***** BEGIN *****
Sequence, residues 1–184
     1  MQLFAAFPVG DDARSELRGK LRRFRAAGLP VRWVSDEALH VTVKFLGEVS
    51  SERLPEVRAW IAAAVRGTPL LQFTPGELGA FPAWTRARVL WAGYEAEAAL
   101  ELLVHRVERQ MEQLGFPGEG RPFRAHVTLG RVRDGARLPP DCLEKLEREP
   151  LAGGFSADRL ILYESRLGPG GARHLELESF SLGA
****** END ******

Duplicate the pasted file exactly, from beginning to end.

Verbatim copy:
Sequence, residues 1–184
     1  MQLFAAFPVG DDARSELRGK LRRFRAAGLP VRWVSDEALH VTVKFLGEVS
    51  SERLPEVRAW IAAAVRGTPL LQFTPGELGA FPAWTRARVL WAGYEAEAAL
   101  ELLVHRVERQ MEQLGFPGEG RPFRAHVTLG RVRDGARLPP DCLEKLEREP
   151  LAGGFSADRL ILYESRLGPG GARHLELESF SLGA